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Investigations on the Phylogeny of the Angiosperms. 3. Nodal Anatomy and the Morphology of Stipules

Edmund W. Sinnott and Irving W. Bailey
American Journal of Botany
Vol. 1, No. 9 (Nov., 1914), pp. 441-453
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Page Count: 14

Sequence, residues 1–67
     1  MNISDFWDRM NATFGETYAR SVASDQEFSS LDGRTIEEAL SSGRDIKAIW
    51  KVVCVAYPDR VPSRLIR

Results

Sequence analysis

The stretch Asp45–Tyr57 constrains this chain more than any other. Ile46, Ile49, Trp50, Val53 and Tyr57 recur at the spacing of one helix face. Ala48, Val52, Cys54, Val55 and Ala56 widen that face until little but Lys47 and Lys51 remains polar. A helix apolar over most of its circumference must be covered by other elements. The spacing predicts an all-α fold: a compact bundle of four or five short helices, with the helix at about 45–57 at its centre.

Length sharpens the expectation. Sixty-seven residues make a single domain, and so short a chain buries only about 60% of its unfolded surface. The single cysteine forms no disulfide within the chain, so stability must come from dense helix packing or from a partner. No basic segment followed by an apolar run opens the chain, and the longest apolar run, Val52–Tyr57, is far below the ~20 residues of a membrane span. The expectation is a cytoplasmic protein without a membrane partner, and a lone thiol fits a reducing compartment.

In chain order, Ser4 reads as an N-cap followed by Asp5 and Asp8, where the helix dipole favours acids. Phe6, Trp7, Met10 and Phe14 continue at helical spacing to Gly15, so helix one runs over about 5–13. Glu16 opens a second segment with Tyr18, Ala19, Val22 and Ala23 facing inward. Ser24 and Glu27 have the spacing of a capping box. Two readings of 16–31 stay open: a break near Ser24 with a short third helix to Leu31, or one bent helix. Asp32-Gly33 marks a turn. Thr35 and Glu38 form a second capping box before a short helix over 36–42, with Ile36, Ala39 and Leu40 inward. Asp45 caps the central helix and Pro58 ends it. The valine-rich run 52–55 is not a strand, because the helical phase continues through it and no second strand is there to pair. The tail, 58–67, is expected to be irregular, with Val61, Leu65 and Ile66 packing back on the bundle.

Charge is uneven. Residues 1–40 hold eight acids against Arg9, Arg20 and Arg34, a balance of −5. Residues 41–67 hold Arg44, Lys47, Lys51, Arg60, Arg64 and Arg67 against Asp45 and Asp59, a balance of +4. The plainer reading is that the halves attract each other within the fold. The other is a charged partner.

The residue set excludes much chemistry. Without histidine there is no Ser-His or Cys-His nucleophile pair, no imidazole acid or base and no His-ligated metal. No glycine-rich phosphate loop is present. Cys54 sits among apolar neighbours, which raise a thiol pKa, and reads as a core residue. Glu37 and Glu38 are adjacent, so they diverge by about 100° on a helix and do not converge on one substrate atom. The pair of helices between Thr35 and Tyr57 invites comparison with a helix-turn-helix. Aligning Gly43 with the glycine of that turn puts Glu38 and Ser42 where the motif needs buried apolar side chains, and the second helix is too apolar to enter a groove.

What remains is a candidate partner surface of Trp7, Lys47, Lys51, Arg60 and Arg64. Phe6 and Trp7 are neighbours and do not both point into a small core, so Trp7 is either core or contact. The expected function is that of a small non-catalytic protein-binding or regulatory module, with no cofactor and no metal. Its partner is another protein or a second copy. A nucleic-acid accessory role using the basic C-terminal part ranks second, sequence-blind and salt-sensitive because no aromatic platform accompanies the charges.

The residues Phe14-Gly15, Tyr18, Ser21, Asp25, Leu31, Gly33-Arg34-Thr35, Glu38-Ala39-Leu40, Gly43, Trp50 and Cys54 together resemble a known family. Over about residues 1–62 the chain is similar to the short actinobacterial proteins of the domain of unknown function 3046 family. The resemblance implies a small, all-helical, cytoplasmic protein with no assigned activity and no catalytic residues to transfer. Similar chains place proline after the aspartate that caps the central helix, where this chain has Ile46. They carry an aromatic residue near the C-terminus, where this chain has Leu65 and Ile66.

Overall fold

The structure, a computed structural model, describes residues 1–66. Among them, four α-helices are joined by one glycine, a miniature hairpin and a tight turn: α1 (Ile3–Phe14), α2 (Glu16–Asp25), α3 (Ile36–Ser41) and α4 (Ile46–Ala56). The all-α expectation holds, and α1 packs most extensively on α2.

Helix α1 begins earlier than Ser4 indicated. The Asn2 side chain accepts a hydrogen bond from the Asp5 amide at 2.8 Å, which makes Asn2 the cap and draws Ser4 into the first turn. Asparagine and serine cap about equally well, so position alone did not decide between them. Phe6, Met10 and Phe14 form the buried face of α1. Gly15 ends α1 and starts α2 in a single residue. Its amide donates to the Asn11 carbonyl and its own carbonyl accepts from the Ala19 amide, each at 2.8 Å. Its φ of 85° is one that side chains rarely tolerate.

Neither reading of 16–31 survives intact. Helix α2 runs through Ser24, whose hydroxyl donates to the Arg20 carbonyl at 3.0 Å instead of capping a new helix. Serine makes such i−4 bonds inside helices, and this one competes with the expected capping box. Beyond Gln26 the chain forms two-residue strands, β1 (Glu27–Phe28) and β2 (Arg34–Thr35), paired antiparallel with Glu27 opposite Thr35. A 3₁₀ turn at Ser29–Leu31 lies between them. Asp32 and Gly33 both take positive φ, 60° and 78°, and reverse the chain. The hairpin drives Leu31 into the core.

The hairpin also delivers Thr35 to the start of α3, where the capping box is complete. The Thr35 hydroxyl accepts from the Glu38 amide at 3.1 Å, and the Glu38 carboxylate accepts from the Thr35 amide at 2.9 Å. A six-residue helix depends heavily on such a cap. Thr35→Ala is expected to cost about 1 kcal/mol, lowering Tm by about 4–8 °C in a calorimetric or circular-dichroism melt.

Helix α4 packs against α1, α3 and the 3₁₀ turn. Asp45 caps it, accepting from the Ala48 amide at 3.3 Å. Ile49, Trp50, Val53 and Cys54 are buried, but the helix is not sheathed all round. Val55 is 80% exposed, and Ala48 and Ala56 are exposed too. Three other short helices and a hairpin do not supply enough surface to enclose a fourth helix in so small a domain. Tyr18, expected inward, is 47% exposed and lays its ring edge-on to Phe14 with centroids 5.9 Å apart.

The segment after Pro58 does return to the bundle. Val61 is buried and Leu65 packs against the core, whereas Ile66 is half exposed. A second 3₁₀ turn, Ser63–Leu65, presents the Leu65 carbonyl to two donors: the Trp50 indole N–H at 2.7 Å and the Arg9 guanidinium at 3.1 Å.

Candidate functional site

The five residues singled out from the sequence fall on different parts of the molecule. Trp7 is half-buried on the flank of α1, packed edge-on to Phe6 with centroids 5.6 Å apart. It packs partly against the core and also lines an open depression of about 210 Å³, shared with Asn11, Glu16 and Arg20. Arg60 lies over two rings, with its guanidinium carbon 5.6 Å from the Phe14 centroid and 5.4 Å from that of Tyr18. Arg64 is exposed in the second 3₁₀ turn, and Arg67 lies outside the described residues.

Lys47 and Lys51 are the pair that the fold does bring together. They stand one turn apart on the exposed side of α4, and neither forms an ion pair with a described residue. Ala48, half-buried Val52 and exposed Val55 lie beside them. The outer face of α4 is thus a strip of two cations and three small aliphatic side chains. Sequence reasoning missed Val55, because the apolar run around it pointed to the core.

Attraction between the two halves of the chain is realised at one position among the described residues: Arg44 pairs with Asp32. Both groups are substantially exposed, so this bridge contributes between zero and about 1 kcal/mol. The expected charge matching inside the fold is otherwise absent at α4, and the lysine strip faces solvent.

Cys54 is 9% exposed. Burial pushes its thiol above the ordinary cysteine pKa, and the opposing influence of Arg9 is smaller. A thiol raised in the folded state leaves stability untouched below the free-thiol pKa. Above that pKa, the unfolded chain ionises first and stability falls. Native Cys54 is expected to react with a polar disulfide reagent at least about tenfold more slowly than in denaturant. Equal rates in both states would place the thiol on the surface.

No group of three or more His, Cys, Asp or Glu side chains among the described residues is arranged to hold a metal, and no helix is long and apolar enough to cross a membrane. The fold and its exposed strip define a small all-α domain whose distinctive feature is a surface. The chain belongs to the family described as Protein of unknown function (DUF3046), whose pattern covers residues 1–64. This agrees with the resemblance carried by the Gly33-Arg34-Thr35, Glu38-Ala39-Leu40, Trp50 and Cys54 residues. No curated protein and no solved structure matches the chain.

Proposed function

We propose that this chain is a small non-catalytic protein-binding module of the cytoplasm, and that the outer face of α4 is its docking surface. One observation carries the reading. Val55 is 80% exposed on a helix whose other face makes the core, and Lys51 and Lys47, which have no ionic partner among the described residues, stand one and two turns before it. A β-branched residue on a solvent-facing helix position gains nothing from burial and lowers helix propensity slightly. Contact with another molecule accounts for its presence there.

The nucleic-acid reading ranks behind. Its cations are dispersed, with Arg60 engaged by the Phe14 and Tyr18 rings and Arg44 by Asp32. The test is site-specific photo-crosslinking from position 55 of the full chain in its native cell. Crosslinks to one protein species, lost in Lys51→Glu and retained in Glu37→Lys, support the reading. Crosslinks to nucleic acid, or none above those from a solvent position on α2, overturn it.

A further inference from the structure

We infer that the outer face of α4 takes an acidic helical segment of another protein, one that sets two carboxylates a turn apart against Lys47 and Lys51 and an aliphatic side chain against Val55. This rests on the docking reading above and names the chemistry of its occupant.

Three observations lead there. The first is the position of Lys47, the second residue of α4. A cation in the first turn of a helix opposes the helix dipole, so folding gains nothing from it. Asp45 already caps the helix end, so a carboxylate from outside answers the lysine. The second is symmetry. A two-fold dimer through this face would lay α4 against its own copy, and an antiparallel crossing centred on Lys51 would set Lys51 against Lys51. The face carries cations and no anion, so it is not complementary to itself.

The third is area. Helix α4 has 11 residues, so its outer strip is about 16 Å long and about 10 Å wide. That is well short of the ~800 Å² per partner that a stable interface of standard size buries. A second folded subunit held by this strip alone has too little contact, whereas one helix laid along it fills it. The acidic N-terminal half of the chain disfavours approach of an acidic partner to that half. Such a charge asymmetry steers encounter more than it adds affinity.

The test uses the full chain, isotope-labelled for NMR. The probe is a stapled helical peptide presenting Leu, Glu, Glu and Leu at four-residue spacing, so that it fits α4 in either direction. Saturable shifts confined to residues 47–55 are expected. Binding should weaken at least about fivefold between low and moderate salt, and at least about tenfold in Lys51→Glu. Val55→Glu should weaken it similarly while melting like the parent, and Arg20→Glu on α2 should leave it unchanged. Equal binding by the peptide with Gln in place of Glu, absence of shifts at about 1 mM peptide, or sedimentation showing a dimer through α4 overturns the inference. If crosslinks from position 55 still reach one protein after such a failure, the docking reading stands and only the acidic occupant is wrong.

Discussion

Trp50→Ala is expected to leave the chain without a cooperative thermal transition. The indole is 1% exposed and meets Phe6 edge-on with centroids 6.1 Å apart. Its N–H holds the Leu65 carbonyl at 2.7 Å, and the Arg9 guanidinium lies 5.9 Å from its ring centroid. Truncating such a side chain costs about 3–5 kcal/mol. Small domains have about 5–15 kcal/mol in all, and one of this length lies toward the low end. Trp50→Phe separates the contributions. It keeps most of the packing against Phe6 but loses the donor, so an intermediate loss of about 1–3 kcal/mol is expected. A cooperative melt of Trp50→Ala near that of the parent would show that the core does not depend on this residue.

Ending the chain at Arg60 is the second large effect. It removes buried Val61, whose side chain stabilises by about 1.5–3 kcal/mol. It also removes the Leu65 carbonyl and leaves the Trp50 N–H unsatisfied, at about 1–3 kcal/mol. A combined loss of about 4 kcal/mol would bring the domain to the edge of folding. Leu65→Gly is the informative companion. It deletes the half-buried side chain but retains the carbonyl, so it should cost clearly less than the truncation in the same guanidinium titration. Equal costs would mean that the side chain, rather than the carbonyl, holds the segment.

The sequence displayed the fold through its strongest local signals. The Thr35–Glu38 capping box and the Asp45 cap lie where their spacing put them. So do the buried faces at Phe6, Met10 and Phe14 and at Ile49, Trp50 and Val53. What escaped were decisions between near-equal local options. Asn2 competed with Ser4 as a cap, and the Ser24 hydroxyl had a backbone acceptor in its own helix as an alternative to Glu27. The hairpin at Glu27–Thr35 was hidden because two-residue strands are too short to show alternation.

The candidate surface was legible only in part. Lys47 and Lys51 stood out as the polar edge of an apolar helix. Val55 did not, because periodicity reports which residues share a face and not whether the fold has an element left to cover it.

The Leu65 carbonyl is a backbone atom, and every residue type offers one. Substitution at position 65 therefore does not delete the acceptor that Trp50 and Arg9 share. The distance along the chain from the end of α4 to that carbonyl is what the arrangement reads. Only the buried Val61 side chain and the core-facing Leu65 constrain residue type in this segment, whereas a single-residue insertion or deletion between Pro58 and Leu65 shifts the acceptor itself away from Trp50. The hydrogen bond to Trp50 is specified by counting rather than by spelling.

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I. There is an intimate connection between the type of nodal anatomy (one, three or many traces and gaps) and the occurrence of stipules and similar structures in dicotyledons. In the majority of plants with a trilacunar node stipules are present; in almost all with a unilacunar node they are absent, and in all with a multilacunar node the leaf has a sheathing base. 2. There is a similar connection in monocotyledons, particularly in such primitive forms as the Potamogetonaceae. 3. The growth of the lateral leaf-trace apparently exerts a stimulus which results in the development of the stipule, for the stipule invariably occurs directly opposite the point of departure of the trace. 4. The character of the leaf margin is also important in governing the occurrence of stipules, for stipules are generally absent in entire leaves families, even though the latter are trilacunar. The fact that stipules and leaf teeth almost always possess apical pores or glands which are usually atrophied after the leaf has reached maturity suggests that both structures have essentially the same function. 5. Morphologically, stipules are to be regarded as integral portions of the leaf, and seem to be more nearly homologous with teeth than with any other structures. Stipules, sheaths, ligules and similar modifications of the base of the petiole are dependent in position and character on the anatomy of the node, and seem thus to be essentially homologous. 6. A leat provided with two distinct stipules is more ancient in type than one with a sheating base.